8 of 10 households in USA buy sugary drinks and sodas every week, causing excess consumption of up to 2000 calories in a household a weak, as per new research. Sharon Zarabi of Lenox Hospital in NYC, who is the director of a bariatric program, stated that her patients knew that soda was harmful, yet they don’t stop consuming. With Stephen Onufrak from US CDC leading the study, the report was presented at ASN’s annual meet on Sunday.
Data from government surveys done in 2012 were used for the study to discover weekly grocery purchase habits of about 5000 households.77% of them bought sugary drinks in a week. Over 47% bought them for use at home. Households consumed over sugary drinks with over 2000 calories a week. Sodas were the most widely consumed sugary drink.
Anna Grummon from UNC led a study that gave 400 adults $10, to spend in a convenience store.1 team went to stores with sodas displaying health warnings on labels while another team was sent to a store with no such labels. The group that went to the former store bought around sugary drinks with 33 calories less than the latter store shoppers.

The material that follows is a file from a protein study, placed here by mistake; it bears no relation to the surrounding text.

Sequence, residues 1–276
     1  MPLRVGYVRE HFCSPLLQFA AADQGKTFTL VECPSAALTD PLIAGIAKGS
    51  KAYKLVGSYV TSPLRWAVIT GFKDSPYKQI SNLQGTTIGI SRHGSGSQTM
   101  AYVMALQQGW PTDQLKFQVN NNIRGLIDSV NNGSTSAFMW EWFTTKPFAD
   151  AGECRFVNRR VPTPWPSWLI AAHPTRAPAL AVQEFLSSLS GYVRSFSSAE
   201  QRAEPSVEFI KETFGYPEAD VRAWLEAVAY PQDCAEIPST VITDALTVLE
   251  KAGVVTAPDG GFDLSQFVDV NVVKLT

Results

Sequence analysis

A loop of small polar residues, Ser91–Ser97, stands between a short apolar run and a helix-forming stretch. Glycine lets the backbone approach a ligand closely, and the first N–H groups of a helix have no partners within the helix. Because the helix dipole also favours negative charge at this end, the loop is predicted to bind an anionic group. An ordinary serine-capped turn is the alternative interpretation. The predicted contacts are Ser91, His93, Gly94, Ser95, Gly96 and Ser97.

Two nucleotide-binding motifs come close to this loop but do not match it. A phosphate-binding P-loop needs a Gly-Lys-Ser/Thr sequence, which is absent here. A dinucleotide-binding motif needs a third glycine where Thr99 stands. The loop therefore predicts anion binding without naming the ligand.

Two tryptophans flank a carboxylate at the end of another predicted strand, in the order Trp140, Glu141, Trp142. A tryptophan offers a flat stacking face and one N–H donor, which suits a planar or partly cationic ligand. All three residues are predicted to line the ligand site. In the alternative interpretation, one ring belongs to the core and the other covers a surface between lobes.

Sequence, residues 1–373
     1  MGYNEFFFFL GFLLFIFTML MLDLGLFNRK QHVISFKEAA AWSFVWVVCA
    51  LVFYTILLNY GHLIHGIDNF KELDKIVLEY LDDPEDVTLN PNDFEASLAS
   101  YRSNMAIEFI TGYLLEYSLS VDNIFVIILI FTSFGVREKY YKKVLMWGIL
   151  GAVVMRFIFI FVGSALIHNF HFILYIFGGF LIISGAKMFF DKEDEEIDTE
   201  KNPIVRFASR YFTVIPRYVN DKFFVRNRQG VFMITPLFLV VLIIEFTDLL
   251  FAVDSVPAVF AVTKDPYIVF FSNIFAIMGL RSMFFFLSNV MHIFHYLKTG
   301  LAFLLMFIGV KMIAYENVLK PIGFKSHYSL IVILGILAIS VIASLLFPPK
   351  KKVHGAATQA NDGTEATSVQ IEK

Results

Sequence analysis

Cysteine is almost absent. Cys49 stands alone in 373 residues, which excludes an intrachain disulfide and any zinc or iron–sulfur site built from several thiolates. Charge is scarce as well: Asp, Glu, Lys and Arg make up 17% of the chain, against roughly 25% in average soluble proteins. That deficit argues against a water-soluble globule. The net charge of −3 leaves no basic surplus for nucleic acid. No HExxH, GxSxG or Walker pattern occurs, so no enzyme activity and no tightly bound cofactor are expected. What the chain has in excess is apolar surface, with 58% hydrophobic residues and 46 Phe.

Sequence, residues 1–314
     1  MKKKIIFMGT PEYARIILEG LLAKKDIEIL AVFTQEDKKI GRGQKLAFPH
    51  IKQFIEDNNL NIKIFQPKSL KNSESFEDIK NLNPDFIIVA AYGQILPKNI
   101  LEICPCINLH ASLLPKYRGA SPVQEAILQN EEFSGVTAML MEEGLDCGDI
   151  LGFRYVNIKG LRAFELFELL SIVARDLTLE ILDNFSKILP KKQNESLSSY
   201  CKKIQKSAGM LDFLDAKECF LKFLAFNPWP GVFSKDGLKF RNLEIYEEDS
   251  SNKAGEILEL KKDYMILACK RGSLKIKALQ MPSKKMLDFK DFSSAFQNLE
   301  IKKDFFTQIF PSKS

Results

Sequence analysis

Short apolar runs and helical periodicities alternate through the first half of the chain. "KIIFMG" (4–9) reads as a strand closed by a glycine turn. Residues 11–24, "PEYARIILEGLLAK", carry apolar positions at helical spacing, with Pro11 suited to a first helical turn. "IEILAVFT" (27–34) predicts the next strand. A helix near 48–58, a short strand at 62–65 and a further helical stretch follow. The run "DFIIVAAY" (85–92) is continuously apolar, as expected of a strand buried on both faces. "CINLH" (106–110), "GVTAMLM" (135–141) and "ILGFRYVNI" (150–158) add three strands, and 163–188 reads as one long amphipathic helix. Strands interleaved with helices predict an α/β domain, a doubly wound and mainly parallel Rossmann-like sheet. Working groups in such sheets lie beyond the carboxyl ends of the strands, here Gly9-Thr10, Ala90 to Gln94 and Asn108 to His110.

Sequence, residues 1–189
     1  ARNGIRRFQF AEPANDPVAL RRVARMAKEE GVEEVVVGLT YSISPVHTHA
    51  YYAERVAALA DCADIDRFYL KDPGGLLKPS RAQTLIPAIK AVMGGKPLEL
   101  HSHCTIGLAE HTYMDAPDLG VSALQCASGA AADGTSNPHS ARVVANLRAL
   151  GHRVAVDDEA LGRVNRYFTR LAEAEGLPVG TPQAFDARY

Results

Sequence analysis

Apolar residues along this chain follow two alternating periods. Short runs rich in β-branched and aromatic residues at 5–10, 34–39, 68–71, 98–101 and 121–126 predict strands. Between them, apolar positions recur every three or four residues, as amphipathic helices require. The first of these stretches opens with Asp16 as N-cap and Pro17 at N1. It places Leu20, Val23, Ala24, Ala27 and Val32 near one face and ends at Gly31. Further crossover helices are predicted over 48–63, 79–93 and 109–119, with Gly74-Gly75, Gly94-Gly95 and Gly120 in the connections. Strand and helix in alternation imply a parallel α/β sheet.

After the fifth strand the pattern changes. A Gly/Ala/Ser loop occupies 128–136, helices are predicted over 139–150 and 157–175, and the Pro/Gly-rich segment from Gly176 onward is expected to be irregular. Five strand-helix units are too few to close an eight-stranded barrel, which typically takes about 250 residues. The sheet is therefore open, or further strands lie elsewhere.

Grummon’s group also conducted computer simulation about the effects of these measures on the current obesity epidemic. The results showed that doing so would decrease average intake by 25 calories a day & total intake by 30 calories a day. Another computer simulation run by Christina Griecci’s team from Tufts University showed levying a $0.01 tax on every ounce of sugary beverages could decrease obesity-related cancer cases by 17,000 and reduce cancer deaths by 10,000.
Over $2.4 billion could be saved by the nation in cancer treatment costs.
Another study by Yujin Lee and his team found that raising taxes in proportion with sugar content worked the best. Over 460,000 cardiovascular medical events and 60000 diabetes-related cases could be avoided, with savings of $28B in healthcare in total during a decade. However, Michelle Milgrim, a diet expert stated that taxes on sugary drinks would increase financial costs to lower income class people and completely ignore the reasons behind such behavior.
Better food labels and nutrition education were the solutions to the current obesity crisis.